Telehealth often is touted as a technology tool that can help improve healthcare access, especially for vulnerable populations, and reduce costs to the healthcare system.
But patient usage of telehealth services is growing at a slow pace. Engagement is low, barely in double digits in even the most engaged demographics, according to a new survey from J.D. Power. About 10% of consumers (9.6%) have used telehealth in lieu of a doctor’s office, urgent care or emergency room visit in the last 12 months, according to the survey.
Perennial automobile rater and reviewer J.D. Power aims to set the benchmark in telehealth satisfaction with a new study due this November, similar to how the company rates cars based on owner satisfaction. The recent survey is a part of that larger study.
To bolster J.D. Power's reach into the telehealth business, the survey found that more than half of consumers (56.3%) would consider using a telehealth provider if they were ranked highest by J.D. Power.
Telehealth usage is higher among young, female patients: Patients age 18-to-24 have used telehealth more than any other age group (13.1%) and 10.4% of women have used telehealth services compared to 8.7% of male patients. Seniors (65+) have the lowest utilization rate of any age group at 5.3%. However, adults 35 to 44 show the second-highest level of engagement with telehealth, with 11.8% saying they have utilized telehealth services within the past year.
Most consumers are not aware of their access to telehealth services and this is likely slowing adoption, the survey found. Only 17% of consumers are aware that their health system or insurance provider offers telehealth or virtual health services as an alternative to a doctor's office, hospital, emergency room or urgent care clinic visit.
Close to 40% of consumers say their health system or insurance provider does not offer telehealth services, while another 34.6% said they are unaware if any service is offered.
Despite the slow adoption of telehealth services by patients, federal regulators and lawmakers are increasingly focused on telehealth as a way to improve health outcomes.
The Federal Communications Commission recently approved a three-year, $100 million Connected Care Pilot program to support telehealth and remote patient monitoring services to improve healthcare access to underserved populations.
FCC Commissioners envision the program will help to facilitate the effective treatment of chronic conditions outside of the doctor’s office at significant savings for patients and healthcare providers.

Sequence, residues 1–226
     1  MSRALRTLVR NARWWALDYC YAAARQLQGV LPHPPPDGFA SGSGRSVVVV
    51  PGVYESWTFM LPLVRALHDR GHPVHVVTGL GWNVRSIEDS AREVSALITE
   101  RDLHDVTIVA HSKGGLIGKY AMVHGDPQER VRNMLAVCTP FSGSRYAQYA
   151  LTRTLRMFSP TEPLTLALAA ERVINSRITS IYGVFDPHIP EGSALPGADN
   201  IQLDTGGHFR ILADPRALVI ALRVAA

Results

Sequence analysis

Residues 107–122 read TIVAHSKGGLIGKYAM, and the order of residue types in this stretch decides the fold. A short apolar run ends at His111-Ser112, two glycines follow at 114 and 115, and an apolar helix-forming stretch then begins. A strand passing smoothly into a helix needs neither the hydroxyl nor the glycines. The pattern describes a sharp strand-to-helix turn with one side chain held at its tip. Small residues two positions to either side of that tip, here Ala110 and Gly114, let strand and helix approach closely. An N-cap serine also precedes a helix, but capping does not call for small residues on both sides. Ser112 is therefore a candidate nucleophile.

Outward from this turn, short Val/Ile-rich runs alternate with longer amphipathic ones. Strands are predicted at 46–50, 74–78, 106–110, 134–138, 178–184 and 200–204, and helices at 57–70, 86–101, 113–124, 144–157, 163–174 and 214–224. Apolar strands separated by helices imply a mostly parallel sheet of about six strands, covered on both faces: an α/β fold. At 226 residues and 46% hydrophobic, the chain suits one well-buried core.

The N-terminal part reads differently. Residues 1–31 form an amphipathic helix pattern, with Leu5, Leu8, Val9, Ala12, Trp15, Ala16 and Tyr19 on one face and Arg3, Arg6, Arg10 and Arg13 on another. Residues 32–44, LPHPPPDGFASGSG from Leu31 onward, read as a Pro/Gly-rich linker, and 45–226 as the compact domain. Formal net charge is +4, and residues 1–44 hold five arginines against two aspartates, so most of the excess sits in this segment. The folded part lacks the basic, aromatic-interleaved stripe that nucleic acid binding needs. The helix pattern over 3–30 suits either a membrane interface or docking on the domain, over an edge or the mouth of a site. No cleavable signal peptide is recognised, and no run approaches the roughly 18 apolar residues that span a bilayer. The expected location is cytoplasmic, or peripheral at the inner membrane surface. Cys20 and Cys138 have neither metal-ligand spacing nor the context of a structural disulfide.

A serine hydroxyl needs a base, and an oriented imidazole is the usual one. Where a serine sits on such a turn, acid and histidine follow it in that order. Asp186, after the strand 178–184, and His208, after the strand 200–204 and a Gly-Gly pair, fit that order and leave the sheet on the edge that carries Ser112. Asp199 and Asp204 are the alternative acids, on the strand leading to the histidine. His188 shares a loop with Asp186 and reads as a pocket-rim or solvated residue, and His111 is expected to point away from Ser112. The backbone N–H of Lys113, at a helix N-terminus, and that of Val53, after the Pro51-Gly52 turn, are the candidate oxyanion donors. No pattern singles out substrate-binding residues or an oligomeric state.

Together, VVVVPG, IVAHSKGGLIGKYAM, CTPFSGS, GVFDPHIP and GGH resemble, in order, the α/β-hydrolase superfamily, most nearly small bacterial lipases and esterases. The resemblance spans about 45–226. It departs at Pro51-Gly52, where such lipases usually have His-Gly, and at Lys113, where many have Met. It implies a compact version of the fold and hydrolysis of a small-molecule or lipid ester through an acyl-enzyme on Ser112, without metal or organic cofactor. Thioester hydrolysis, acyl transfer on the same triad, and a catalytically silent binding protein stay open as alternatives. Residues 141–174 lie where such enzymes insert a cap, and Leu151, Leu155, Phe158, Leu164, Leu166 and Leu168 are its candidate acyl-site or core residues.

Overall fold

In Congress, a bipartisan group of lawmakers introduced legislation to encourage telehealth innovation and improve Medicare reimbursements for connected health programs. The Telehealth Innovation and Improvement Act, introduced by Reps. John Curtis (R-Utah) and Joe Neguse (D-Colo.), would push the U.S. Department of Health and Human Services to test out more telehealth models and calls for expanded Medicare coverage if the telehealth models improve care while reducing spending or staying budget neutral.
To increase telehealth usage, telehealth providers need to undertake a major education and consumer experience improvement initiative to make telehealth a standard staple for healthcare delivery among providers, J.D. Power said in the report.
"The challenge facing telehealth providers is adoption and demonstrating to their patients that telehealth provides as good, if not better, and a more accessible channel of care than traditional care channels—emergency room, urgent care and retail clinic visits," the company said.
Here are six key findings from the J.D. Power telehealth survey:
- Quality of care is a concern. Nearly half (48.7%) of respondents believe the quality of care received in a telehealth session is lower than that of a doctor’s office visit, while only 6.2% perceive the quality to be higher, and 45.1% believe it to be the same.
- Awareness is lowest in rural areas. Lack of awareness is pronounced in rural areas (72%) where telehealth is supposed to increase access. Only 8.7% of rural residents have adopted the service, compared with 11.7% of suburban and 11% of urban residents
- Consumers with poor health don't use telehealth. Zero percent of patients that indicate their health as "poor" said they used telehealth in the past year. Respondents that consider their health "very good" are the most likely to use telehealth (15.5%).
- Consumers believe telehealth is costly. Only 13.3% of consumers think telehealth is more expensive than a doctor's office visit. Nearly half (48%) think that telehealth is less expensive and 38% think it costs the same.
- Consumers are split on whether telehealth is personal. About half of consumers (49%) see telehealth as no more or less personal than a doctor's office visit also believe a telehealth session to be less personal than an office visit. Eight percent say it's more personal and 43% believe a telehealth session is less personal.
- Northeast providers face an uphill battle. Telehealth usage is highest among patients in the western region (11.1%), compared with just 5.7% in the Northeast. Awareness is also lowest at 13.6%.